It was then that I heard my ‘saviour’ somewhere below me; his voice was gruff but, in the circumstances, angelic nonetheless: “Ho there, young fella! What goes?”
“I’m trapped up this tree… I can’t.. I can’t get down!”
“Right.. thought so! I could see you as soon as I walked into the wood.. Let’s see if we can’t get you down.”
I was too scared to do anything but nod my head, my eyes were tightly shut and all I was aware of was the precariousness of my situation, and just how stupid I’d been to climb this stupid tree.  I started to cry, which shook me more than anything. I wasn’t prone to histrionics but I think it was the first time I’d been aware of my own mortality –as strange as that sounds.
“Don’t cry lad; it will all be over in a jiff!” The voice came from nowhere; I never heard the sound of his approach up the tree but there it was, as if he was standing right behind me. “Keep your eyes squeezed shut, count to seven and we’ll be on the ground again.”
It was a strange sensation, I felt him standing behind me, his hands holding me under my arms and then it was as if I was travelling through a dark tunnel; extremely fast, like a bullet from a shotgun, even my ears popped.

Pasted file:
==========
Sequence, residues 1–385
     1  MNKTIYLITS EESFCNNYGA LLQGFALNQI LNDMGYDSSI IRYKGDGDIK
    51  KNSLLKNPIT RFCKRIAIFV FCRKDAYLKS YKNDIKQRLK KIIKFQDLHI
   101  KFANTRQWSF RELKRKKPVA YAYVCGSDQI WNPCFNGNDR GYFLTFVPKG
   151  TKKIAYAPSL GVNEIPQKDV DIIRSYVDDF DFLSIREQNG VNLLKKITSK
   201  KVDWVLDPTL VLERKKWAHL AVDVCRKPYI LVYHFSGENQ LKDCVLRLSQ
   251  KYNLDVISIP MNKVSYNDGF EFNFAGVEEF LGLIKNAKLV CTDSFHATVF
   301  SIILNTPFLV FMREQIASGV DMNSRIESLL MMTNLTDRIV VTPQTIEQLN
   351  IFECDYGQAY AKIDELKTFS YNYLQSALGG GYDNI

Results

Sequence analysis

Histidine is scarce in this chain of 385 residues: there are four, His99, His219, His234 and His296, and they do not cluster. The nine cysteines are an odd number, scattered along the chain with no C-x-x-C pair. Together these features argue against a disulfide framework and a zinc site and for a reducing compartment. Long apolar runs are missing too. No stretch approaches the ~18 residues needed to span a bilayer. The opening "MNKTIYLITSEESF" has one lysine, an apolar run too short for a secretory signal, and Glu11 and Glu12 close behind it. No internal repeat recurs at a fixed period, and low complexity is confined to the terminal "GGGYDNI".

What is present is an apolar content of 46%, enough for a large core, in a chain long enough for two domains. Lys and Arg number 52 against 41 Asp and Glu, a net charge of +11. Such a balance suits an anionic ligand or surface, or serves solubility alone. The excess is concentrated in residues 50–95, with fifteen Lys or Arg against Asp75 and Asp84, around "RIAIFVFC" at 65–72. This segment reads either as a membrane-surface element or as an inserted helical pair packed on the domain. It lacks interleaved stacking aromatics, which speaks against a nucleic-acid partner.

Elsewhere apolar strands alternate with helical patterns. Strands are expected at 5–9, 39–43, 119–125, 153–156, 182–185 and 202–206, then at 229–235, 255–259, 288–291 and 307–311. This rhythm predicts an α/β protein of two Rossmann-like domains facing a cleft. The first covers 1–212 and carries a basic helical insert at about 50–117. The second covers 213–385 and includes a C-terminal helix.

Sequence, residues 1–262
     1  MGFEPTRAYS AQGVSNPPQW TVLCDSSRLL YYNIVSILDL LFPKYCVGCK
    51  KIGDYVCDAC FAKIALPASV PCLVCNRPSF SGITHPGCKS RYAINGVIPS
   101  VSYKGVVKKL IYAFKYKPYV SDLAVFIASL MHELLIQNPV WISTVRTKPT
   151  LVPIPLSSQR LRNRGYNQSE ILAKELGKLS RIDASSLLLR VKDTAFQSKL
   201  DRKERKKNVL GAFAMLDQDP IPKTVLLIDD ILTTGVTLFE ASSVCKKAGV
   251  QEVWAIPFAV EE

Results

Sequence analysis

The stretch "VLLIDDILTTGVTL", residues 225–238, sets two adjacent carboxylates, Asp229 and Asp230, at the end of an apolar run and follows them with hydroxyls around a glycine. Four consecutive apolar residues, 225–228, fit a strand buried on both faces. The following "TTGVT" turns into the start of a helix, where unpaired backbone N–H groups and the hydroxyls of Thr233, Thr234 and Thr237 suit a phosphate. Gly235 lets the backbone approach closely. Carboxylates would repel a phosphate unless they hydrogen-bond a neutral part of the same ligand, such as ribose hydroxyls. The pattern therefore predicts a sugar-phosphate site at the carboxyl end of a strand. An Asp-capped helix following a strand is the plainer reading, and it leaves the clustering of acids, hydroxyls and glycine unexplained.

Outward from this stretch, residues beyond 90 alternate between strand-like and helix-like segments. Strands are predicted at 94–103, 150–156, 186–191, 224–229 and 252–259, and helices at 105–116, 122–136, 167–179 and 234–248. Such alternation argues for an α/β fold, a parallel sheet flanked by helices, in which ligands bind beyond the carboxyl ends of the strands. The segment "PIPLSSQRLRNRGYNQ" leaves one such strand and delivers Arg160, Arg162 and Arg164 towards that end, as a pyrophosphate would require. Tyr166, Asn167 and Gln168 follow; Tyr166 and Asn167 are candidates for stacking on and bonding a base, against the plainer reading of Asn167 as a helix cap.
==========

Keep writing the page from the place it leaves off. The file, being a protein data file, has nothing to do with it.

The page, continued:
“5..6..7!” He said, “Go on –open your eyes then!” I was almost afraid to, just in case I was still atop the tree. Adults lied –that was a truth that I’d learnt some weeks before. My Granddad had a wicked sense of humour and once told me that stinging nettles only stung people during the day and that if I grasped the nettles at night then they wouldn’t sting me.
However, upon my eyes that day I was shocked by two things: I was not only standing on the ground but right opposite me was the most bizarre, amazing looking man I had ever seen this side of comic books. He looked like a mad time traveller from another reality (which was exactly the way he described himself, I might add). His coat was a mis-match of styles, cloth samples and colours and everything clashed with everything else, but strangely worked as a whole. His dungarees had so many pockets, all bulging with stringlets and toys and sweets… his white t-shirt was the most normal thing about him.
He had an amazing mop of straggly ginger hair and a black bowler hat with two vibrant peacock feathers sticking out of it. He also wore the most audacious set of goggles I’d ever seen –a mixture of John Lennon granny spec’s and world war two aviation goggles. One eye piece even looked as if it had been taken from a child’s microscope! This was Moonpie.
“Safe and sound, backs on the ground, eh?” His voice was deep and warm, slightly cracked as if it had been broken long ago through overzealousness and enthusiasm and put back together with blu-tac and bubble-gum.
“Yes… thank you, Sir!” I replied.